I have been talking a lot about Phorm and NebuAd’s ISP targeted advertising lately. What I have not touched on is the technology behind this ISP based targeted advertising. The technology is called Deep Packet Inspection or DPI.
Deep Packet Inspection is also the technology behind the whole Network Neutrality debates. Network neutrality is defined in Wikipedia as, “a broadband network free of restrictions on the kinds of equipment that may be attached, on the modes of communication allowed, that does not restrict content, sites, or platforms and where communication is not unreasonably degraded by other communication streams would be considered neutral by most observers.” Network neutrality advocates fear that DPI will eventually be used to privatize the Internet.
Ok so what exactly is DPI? I turn again to Wikipedia for the definition, DPI “is a form of computer network packet filtering that examines the data and/or header part of a packet as it passes an inspection point, searching for non-protocol compliance, viruses, spam, intrusions or predefined criteria to decide if the packet can pass or if it needs to be routed to a different destination, or for the purpose of collecting statistical information.” With this technology, companies like Phorm and NebuAd monitor users browsing habits based on the theory that they will serve relevant advertisements to the end user.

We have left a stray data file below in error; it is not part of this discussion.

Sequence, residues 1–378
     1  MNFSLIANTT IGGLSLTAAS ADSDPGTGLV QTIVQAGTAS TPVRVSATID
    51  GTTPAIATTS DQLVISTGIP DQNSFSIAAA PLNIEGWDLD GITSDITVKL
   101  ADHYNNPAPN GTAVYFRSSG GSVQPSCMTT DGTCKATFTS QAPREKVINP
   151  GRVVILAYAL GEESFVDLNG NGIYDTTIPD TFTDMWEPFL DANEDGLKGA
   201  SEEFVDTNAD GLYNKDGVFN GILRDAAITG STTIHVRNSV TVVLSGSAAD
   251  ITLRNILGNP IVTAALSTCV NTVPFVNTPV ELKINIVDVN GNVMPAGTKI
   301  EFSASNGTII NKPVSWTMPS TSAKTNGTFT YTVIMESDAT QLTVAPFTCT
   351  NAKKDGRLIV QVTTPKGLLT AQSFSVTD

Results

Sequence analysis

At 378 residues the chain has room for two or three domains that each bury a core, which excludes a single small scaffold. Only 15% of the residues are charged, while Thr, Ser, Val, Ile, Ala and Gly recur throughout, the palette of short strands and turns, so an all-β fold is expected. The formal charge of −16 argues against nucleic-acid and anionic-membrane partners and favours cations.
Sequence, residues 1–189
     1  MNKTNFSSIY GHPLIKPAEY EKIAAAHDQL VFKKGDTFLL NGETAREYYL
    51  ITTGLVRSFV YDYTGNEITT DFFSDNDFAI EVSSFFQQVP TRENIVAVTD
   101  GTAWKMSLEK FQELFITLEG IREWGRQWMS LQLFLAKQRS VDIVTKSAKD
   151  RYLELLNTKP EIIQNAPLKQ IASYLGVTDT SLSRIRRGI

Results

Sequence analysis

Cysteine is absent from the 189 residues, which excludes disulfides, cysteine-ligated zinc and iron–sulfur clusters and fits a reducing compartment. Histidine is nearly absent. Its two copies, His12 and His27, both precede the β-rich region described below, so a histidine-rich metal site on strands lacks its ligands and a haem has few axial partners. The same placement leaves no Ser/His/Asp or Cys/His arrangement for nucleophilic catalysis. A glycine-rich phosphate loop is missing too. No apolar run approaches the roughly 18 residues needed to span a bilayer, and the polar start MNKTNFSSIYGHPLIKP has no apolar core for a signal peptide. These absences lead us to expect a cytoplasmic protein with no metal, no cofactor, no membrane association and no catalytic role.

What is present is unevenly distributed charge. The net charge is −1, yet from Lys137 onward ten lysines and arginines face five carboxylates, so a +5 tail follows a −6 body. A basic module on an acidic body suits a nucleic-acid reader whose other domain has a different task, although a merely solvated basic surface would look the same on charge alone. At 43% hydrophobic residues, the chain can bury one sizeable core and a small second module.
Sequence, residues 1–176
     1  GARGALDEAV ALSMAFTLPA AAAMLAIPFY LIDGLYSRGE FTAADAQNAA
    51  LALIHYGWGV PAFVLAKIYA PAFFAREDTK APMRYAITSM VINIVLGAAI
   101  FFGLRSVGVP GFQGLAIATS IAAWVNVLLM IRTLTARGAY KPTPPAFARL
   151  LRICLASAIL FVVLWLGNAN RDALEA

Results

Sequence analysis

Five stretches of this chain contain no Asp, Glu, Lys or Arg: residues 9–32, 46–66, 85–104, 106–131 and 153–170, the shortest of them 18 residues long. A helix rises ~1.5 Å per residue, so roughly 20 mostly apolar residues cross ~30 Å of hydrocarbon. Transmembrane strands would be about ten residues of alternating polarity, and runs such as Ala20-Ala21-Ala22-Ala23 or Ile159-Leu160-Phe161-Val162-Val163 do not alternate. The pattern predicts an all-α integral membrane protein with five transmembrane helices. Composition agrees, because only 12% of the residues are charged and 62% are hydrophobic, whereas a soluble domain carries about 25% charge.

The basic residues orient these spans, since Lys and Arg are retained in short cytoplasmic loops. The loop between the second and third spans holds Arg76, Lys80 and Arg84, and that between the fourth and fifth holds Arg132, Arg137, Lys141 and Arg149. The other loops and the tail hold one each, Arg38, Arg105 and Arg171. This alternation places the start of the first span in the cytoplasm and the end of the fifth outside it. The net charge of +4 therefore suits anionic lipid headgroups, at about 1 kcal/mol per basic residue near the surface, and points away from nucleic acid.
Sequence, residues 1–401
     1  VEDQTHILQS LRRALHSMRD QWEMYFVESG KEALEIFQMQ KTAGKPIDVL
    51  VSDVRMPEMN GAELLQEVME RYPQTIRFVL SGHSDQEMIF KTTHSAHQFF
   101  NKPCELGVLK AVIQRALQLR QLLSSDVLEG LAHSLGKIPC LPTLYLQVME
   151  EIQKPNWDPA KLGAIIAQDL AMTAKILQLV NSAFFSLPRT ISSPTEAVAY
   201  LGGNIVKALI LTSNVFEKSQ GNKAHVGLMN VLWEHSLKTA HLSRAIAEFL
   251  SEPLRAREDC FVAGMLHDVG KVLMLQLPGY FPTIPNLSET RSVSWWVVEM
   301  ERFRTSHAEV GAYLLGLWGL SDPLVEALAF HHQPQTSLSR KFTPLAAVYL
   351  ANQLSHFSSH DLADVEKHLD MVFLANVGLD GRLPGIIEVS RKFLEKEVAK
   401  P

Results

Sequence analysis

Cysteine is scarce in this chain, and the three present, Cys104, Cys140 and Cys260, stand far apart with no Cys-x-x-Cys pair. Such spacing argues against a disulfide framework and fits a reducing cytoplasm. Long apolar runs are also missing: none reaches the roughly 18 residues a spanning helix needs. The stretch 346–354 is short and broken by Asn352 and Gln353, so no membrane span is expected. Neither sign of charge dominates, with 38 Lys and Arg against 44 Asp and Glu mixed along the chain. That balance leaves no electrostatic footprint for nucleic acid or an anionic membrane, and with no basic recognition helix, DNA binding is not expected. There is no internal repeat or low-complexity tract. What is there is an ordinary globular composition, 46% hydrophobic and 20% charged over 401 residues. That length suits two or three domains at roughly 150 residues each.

The DPI technology works by categorizing users interests based on their actions and matching them with advertisers who are looking to target specific types of users. For example, a user goes to a search engine types in a car name and spends time on car sites. Using DPI, a company like Phorm could then categorize this user as a car enthusiast and then target car ads to them on partner sites. According to Phorm’s COO, “As you browse, we’re able to categorize all of your Internet actions”. This is of course a bit creepy, but advertisers are taking notice.
In the UK where Phorm can target through it’s ISP partnerships 70% of the country there has been a public backlash. One interested advertiser The Guardrian backed out of a deal with Phorm due to the public outcry. The concern is that with all this tracking of user information that it could be used to identify directly identify users. Phorm and other ISP targeted networks claim the technology does not permit for personally identifiable information to be tracked. Privacy advocates and the public at this point largely disagree.
I have a few posts discussing Phorm and NebuAd which readers may be interested here, here, and here. Another great source of information is Nate Anderson’s article, Throttle me this: An Introduction to DPI.